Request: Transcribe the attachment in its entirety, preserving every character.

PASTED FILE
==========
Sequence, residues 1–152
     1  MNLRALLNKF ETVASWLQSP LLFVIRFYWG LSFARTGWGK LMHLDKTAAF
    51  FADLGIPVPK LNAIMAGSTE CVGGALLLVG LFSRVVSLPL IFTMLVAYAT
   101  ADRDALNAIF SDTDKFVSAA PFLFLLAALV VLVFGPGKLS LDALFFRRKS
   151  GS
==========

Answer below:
Sequence, residues 1–152
     1  MNLRALLNKF ETVASWLQSP LLFVIRFYWG LSFARTGWGK LMHLDKTAAF
    51  FADLGIPVPK LNAIMAGSTE CVGGALLLVG LFSRVVSLPL IFTMLVAYAT
   101  ADRDALNAIF SDTDKFVSAA PFLFLLAALV VLVFGPGKLS LDALFFRRKS
   151  GS